Toyocolor to Launch New Carbon Nanotube Materials at nano tech 2015 January 24th, 2015

NANOPOSTER 2015 - 5th Virtual Nanotechnology Conference - call for abstracts January 24th, 2015

Nanosensor Used for Simultaneous Determination of Effective Tea Components January 24th, 2015

The latest fashion: Graphene edges can be tailor-made: Rice University theory shows it should be possible to tune material's properties January 24th, 2015

Govt.-Legislation/Regulation/Funding/Policy

The latest fashion: Graphene edges can be tailor-made: Rice University theory shows it should be possible to tune material's properties January 24th, 2015

Scientists 'bend' elastic waves with new metamaterials that could have commercial applications: Materials could benefit imaging and military enhancements such as elastic cloaking January 23rd, 2015

Harper Government Supports Research Innovation in Western Canada January 22nd, 2015

EnvisioNano: An image contest hosted by the National Nanotechnology Initiative (NNI) January 22nd, 2015

Nanotubes/Buckyballs

Toyocolor to Launch New Carbon Nanotube Materials at nano tech 2015 January 24th, 2015

Carbon nanotube finding could lead to flexible electronics with longer battery life January 14th, 2015

Carbon Nanotubes Increase Efficiency of Solar Cells January 12th, 2015

Iran Stands 7th in World's Nano-Tech Papers January 5th, 2015

Sensors

Nanosensor Used for Simultaneous Determination of Effective Tea Components January 24th, 2015

Iranian Scientists Produce Graphene-Based Oxygen Sensor January 23rd, 2015

Graphene brings quantum effects to electronic circuits January 22nd, 2015

New method to generate arbitrary optical pulses January 21st, 2015

Discoveries

Nanosensor Used for Simultaneous Determination of Effective Tea Components January 24th, 2015

The latest fashion: Graphene edges can be tailor-made: Rice University theory shows it should be possible to tune material's properties January 24th, 2015

Iranian Scientists Produce Graphene-Based Oxygen Sensor January 23rd, 2015

Silver nanowires demonstrate unexpected self-healing mechanism: The material has potential for flexible electronics January 23rd, 2015

Announcements

Toyocolor to Launch New Carbon Nanotube Materials at nano tech 2015 January 24th, 2015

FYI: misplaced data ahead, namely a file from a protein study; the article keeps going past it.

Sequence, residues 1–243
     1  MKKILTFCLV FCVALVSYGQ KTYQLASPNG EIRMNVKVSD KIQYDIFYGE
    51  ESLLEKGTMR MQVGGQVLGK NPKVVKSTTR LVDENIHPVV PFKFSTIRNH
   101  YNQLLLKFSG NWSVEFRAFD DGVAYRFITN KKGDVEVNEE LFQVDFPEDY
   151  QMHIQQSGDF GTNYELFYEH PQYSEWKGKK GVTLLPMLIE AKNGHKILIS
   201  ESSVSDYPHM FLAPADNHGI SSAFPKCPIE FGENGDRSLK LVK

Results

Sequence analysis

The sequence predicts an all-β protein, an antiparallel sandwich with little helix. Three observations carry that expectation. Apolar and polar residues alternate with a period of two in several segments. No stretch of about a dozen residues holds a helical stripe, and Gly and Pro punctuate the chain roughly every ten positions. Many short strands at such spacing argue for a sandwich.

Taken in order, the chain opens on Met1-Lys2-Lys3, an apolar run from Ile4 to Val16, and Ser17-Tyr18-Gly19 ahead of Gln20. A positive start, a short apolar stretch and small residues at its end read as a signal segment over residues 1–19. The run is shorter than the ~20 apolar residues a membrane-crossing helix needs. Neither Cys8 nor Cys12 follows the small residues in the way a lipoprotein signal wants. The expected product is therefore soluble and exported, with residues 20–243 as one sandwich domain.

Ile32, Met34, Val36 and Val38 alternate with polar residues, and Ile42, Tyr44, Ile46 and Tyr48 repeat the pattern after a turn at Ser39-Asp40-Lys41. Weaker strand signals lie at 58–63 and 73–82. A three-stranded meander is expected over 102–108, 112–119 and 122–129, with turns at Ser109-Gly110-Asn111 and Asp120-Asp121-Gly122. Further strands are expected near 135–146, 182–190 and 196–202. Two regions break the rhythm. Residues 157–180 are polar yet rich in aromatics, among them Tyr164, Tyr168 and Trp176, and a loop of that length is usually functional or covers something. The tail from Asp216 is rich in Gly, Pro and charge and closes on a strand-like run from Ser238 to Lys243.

NANOPOSTER 2015 - 5th Virtual Nanotechnology Conference - call for abstracts January 24th, 2015

Nanosensor Used for Simultaneous Determination of Effective Tea Components January 24th, 2015

The latest fashion: Graphene edges can be tailor-made: Rice University theory shows it should be possible to tune material's properties January 24th, 2015

Military

The latest fashion: Graphene edges can be tailor-made: Rice University theory shows it should be possible to tune material's properties January 24th, 2015

Scientists 'bend' elastic waves with new metamaterials that could have commercial applications: Materials could benefit imaging and military enhancements such as elastic cloaking January 23rd, 2015

Laser-generated surface structures create extremely water-repellent metals: Super-hydrophobic properties could lead to applications in solar panels, sanitation and as rust-free metals January 20th, 2015

Solving an organic semiconductor mystery: Berkeley Lab researchers uncover hidden structures in domain interfaces that hamper performance January 16th, 2015

NanoNews-Digest
The latest news from around the world, FREE



  Premium Products
NanoNews-Custom
Only the news you want to read!
 Learn More
NanoTech-Transfer
University Technology Transfer & Patents
 Learn More
NanoStrategies
Full-service, expert consulting
 Learn More










ASP
Nanotechnology Now Featured Books




NNN

The Hunger Project







© Copyright 1999-2015 7th Wave, Inc. All Rights Reserved PRIVACY POLICY :: CONTACT US :: STATS :: SITE MAP :: ADVERTISE